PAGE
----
Charity pilots show life-changing impact of physical activity on mental health

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Launch of evaluation findings and new football partnership at Dens Park

Mental health charity SAMH (Scottish Association for Mental Health) will today unveil the positive results of an independent evaluation of its Get Active Community Engagement Pilot Project.

Get Active helps people to improve their mental health through physical activity and sport and was launched in 2009 by SAMH’s Ambassador Sir Chris Hoy, who is currently competing at the London Olympics.

Launch of evaluation findings and new football partnership at Dens Park

Mental health charity SAMH (Scottish Association for Mental Health) will today unveil the positive results of an independent evaluation of its Get Active Community Engagement Pilot Project.

Get Active helps people to improve their mental health through physical activity and sport and was launched in 2009 by SAMH’s Ambassador Sir Chris Hoy, who is currently competing at the London Olympics.

The pilot projects, funded mainly by LTCAS (Long Term Conditions Alliance Scotland) and Comic Relief, were set up based on evidence suggesting that physical activity can improve mental health.

Delivered in partnership with nine organisations across the country, over 600 people participated in the activities, which ranged from football and tennis to walking and gardening.  The majority of those involved had personally experienced a mental health problem.

The evaluation of these projects demonstrates their life-changing effect on participants’ mental health and wellbeing:

• Ninety-one per cent of those involved said that taking part made them feel happier
• Eighty-one per cent said they had increased confidence.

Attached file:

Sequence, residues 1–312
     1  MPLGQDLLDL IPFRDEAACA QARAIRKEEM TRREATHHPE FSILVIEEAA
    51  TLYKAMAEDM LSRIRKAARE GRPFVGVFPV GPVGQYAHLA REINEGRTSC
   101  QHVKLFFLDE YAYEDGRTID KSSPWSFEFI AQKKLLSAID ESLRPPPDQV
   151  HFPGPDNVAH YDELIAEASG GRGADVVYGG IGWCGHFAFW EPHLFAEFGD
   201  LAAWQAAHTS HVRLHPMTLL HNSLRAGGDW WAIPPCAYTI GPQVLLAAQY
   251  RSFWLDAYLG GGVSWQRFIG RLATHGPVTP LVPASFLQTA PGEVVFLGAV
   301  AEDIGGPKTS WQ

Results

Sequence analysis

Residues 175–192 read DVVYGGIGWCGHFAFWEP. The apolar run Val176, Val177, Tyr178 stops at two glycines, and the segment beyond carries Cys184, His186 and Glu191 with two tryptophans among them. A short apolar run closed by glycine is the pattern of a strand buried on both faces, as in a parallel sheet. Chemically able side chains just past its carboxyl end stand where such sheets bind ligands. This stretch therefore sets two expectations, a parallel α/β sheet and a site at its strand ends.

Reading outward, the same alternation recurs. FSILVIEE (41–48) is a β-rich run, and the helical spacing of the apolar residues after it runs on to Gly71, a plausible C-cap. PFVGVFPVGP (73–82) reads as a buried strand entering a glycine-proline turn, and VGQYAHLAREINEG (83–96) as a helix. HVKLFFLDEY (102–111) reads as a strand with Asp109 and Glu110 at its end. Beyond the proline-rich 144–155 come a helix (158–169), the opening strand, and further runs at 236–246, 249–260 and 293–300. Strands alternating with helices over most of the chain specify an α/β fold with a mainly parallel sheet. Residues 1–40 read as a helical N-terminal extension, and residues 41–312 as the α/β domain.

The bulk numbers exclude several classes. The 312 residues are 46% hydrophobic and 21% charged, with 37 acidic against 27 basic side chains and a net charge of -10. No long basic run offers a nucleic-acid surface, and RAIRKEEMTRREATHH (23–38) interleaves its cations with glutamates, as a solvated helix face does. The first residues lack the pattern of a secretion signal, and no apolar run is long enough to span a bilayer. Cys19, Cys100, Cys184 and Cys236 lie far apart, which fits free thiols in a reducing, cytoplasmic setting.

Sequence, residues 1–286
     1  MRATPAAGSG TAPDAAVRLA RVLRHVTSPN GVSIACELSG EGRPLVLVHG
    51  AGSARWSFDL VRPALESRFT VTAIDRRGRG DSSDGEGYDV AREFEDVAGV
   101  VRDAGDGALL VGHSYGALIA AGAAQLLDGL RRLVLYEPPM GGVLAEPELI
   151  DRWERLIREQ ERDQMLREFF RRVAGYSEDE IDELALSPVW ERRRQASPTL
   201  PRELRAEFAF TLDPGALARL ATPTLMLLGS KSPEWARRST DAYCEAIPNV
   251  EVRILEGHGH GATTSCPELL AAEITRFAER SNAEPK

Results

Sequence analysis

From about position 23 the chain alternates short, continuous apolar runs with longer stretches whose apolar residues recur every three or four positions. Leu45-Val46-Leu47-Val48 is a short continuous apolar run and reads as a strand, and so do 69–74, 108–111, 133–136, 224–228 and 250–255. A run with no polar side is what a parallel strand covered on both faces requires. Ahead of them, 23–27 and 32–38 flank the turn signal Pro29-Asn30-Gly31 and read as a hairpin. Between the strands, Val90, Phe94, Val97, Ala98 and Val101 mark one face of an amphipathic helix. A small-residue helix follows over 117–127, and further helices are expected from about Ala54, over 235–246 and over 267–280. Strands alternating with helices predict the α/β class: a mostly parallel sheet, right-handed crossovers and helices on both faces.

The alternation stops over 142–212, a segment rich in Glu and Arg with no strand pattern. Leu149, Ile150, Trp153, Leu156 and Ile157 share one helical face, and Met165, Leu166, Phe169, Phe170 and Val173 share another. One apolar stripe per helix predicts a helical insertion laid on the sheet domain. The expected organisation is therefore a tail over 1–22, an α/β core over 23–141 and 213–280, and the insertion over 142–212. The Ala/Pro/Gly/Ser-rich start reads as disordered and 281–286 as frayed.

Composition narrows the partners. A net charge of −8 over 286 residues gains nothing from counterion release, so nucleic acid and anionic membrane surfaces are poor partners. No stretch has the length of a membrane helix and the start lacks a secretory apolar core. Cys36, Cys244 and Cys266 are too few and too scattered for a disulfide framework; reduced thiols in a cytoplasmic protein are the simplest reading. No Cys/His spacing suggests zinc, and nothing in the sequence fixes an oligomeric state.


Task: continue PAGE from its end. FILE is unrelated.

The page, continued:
• Eighty-seven per cent said they had learned new skills
• Eighty-two per cent reported that the projects had helped them to be more active in their daily lives.

Looking to the future, the event will also celebrate the launch of a new partnership between SAMH, the PFA Scotland (Professional Footballers Association) and ‘see me’, Scotland’s national campaign to end stigma and discrimination of mental ill-health.

The organisations have teamed up to provide players with information about mental health and to challenge the stigma surrounding mental health within the football community.

The launch event at Dens Park, the home of newly promoted SPL team Dundee, will include presentations from participants and from organisations involved in the pilots, including the Forestry Commission. In addition to this there will be a penalty shootout with a Dundee FC player alongside Robert Hare (Get Active service user), Jack Ross of the PFA and Stuart Lovell of the PFA (former player at Livingston and Hibs).

Ian Crawford, SAMH’s Get Active Programme Manager, said

“Participants got involved in the Get Active pilots for a variety of reasons, from improving fitness to getting out of the house. Many of those involved were surprised and inspired by the level of impact their involvement had on their physical health, and how much they benefited in terms of their mental health, confidence and outlook on life. We are delighted by the results and are looking forward to the next phase.”

Robert Hare, who took part in a Get Active football project run with Street Soccer Scotland, said,

“When I went to prison, I lost my home, my girlfriend and my job. I believed I had hit rock bottom and I had no one to blame but myself. Street Soccer Scotland and SAMH have helped me to turn my life around again. I don’t know where I’d be in life if I hadn’t found this help.”

Suzie Vestri, Campaign Director of ‘see me’, welcomed the commitment of PFA Scotland to work with ‘see me’ and added:

“It’s important to remember that one in four Scots will be affected by mental health problems at some point in their lives.  It can happen to sports stars, family members or friends.  For those experiencing mental ill-health, the support we provide to each other will make all the difference.”

Jack Ross, Communications Manager at PFA Scotland said,

“Professional footballers can be under constant public and media scrutiny which alongside the high demands and pressures placed on them can affect their mental wellbeing.  We want to highlight the importance of good mental health for our players’ performance and, by working with ‘see me’ and SAMH, provide them with key information about mental health problems.”

The launch of the Get Active Evaluation Community Engagement Pilot Project Evaluation will take place at Dundee Football Club Stadium, Dens Park, from 10.00 – 13.00 on Tuesday 31st July 2012.